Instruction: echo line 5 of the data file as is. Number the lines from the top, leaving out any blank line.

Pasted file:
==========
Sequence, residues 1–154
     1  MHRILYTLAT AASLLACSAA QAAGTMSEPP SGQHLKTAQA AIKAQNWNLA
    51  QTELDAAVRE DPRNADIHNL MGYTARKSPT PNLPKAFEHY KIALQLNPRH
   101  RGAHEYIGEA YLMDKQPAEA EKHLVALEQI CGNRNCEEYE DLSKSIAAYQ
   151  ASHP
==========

   151  ASHP